• Martyn Wakefield

C.A.M. (REVIEW)

Dir. Steph Du Melo

Reviewer. Martyn Wakefield

In 2013, writer and director Steph Du Melo created a zombie outbreak film that studied the immediate release of a viral infection and it’s effects on the public, all filmed in a documentary style. C.A.M. is a throwback to a golden era of horror that blends found footage with documentary material to create a sense of grounded reality with the unfolding horrors on screen. For the most part it is effective at bringing together a world that is real, probably too real and can easily be comparable with the more a-list movie, THE BAY.


Since 2020 however, the world of infectious diseases hits home more than it would have done in previous years and as such it’s very difficult to take entertainment from this fiction when it’s grounded in a sense of knowledge of how the world really would react. While the films message is laboured on very thick in the films final half hour (even with a unnecessary and messy final 15 minute epilogue) it’s fair to say this is complete fiction and any sense of personal finger pointing should be left at the opening shot, especially noting that this is somewhat predictive as the film was made in 2013. Ironically the first goggle entry for “contagious aggressive mutations” comes up with a Covid related article.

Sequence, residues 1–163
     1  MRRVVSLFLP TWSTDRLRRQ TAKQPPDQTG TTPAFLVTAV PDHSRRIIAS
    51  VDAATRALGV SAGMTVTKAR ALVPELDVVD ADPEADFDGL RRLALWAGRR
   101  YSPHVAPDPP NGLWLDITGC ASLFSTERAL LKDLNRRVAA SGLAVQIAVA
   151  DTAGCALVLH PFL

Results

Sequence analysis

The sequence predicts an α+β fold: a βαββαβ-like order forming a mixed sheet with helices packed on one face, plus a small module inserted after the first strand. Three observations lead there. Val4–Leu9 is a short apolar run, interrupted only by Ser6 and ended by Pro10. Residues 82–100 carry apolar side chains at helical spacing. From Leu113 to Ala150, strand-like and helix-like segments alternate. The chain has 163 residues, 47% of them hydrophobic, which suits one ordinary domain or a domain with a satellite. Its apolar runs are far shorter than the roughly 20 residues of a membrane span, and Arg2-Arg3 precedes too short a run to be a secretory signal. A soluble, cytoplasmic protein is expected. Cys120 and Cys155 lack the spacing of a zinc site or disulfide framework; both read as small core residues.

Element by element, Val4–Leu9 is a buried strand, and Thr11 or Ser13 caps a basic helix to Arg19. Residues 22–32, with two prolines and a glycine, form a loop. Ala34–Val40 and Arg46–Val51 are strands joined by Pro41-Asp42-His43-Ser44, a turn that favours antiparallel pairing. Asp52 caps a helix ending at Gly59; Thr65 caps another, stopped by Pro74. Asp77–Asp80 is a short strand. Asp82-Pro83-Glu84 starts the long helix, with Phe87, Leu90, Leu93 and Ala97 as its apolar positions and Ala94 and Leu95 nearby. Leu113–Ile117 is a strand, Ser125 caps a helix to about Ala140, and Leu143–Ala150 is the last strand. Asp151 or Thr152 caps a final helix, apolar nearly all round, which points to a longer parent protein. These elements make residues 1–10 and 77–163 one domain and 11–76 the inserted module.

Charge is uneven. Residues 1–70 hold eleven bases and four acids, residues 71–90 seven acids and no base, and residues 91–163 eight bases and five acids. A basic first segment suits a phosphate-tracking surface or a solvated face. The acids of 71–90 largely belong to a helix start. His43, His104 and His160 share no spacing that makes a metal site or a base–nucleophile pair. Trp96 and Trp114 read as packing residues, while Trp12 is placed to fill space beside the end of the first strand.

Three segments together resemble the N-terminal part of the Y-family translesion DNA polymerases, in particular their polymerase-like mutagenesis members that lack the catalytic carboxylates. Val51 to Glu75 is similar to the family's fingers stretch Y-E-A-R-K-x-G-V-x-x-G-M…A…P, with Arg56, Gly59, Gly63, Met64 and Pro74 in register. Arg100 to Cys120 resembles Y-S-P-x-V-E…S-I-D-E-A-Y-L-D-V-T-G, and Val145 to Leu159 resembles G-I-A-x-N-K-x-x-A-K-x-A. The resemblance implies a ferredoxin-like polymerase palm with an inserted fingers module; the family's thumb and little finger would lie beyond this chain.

The amateur theatrics captured do the film a real justice in making it feel authentic rather than a seen-it-all-before zombie outbreak and there are some tense scenes involved, especially where the camera crew (especially the lead played by Jamie Longlands) and response unit collide.


The use of found footage is a reminder that the sub-genre still has life and while it can hide a low budget, actually has an effective tool of putting the audience in the centre of the action, feeling more immerse in the unrelenting terror. Cutting sound and innovative blended use of audio interviews work in the films favour to give an authentic field of vision to the action and while the sound design is far to cinematic for this type of film, it is never distracting.


Du Melo’s zombie film is a testament to his ability to tell stories and bring to life horror on a budget making him one to watch and hopefully a director who has much more to tell.



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